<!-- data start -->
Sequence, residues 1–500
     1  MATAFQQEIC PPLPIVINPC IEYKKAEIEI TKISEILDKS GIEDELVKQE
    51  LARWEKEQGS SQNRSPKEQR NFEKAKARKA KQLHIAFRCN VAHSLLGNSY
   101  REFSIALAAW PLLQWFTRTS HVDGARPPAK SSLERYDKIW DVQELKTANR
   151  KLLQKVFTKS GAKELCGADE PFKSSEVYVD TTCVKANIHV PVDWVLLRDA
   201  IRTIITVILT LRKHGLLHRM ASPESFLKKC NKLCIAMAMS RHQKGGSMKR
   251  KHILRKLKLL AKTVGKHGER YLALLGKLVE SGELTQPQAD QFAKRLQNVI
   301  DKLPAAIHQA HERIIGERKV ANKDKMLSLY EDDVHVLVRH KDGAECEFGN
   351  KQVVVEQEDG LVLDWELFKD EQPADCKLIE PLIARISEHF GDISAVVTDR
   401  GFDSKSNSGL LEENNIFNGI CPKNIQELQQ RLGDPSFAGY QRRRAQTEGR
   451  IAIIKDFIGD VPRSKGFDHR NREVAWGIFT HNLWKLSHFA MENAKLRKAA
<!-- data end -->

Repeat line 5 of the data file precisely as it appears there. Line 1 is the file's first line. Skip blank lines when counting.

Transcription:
   151  KLLQKVFTKS GAKELCGADE PFKSSEVYVD TTCVKANIHV PVDWVLLRDA